I won’t list the possible meanings I’ve come up with for the phrase. All of them fall flat. The passage is wonderful not because it means anything, but because it doesn’t. Like the narrator, I don’t identify the phrase, and thus I feel a gulf widening between the speaker, quoting, and the listener, missing the quote. Like her, I’ve been given all the trappings of meaning without the real thing—I am the aspiring actress falsely convinced of linear narrative, of moving toward resolution. The novel is desolate in a real-to-life way (instead of tragic in the story way) because it doesn’t just inspire sympathy in the characters, but empathy. A reader who looks for meaning where all the signs promised it would be, is just a version of a man who’s saved a woman from drowning, thinking he can save her from herself, is just a version of a woman, waiting to be discovered, to be found, to find out her life was planned after all. They’re all failing.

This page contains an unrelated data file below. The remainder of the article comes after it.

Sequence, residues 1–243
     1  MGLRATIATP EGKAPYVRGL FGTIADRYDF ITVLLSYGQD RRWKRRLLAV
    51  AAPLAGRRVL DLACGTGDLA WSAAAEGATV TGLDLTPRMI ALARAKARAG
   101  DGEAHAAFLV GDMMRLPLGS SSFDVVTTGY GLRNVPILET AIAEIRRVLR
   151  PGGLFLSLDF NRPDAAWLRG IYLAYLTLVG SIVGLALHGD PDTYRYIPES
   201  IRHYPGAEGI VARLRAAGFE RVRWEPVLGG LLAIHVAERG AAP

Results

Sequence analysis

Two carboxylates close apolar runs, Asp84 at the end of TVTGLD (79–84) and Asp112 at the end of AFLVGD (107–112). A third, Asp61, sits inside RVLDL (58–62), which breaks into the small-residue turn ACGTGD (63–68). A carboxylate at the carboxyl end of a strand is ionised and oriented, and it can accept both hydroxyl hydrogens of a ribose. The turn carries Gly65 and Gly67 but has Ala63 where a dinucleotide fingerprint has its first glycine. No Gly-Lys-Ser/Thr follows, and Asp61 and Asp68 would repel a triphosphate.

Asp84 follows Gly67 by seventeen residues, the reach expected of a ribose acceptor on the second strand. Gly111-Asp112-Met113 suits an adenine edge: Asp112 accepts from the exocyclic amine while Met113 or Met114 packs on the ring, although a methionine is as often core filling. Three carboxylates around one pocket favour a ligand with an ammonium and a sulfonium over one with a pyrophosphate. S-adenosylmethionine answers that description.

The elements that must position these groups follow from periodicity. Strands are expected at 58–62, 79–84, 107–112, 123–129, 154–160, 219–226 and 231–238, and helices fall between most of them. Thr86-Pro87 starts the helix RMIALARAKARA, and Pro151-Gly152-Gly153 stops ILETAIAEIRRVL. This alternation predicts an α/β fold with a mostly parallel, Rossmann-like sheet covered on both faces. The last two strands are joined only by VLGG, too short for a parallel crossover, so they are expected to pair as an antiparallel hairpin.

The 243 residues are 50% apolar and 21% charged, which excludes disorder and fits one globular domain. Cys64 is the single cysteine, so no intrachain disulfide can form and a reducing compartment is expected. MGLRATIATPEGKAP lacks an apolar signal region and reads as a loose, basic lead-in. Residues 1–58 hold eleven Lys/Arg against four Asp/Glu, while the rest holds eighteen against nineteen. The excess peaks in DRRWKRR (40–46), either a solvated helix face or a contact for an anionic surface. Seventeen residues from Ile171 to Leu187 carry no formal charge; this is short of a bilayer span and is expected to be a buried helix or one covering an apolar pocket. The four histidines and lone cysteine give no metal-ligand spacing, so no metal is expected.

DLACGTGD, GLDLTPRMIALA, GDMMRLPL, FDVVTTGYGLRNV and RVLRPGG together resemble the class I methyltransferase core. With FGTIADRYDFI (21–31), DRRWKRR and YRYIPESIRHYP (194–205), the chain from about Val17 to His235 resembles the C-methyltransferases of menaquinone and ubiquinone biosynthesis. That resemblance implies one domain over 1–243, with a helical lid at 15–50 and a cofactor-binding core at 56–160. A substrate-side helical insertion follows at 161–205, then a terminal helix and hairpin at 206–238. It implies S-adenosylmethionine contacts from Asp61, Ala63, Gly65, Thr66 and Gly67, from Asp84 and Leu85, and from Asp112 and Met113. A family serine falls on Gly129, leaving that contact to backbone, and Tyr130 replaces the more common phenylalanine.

The screenwriter Frederic Raphael, twenty years younger than Hayes, was his biographical inverse: Raphael was American-born and British-educated, whereas Hayes was born in London and educated at City College in New York. Raphael writes:
Alfred Hayes figures neither in the textbooks of postwar literature nor even in indices of modern biographies. He wrote no curricular books, and he failed, or did not care, to hang out with those whose company makes people famous by association; he slept with no notorious women (or none who said he did), and he did not win prizes or accrue honors… Hayes remains biographically eponymous: a hazy figure whose obscurity was due perhaps to lack of thrusting ambition. More probably, he was in the American tradition of the working stiff: the hard-bitten newspaperman, with a hat and a cigarette and matches (not a lighter), who knows the score but doesn’t expect to score himself.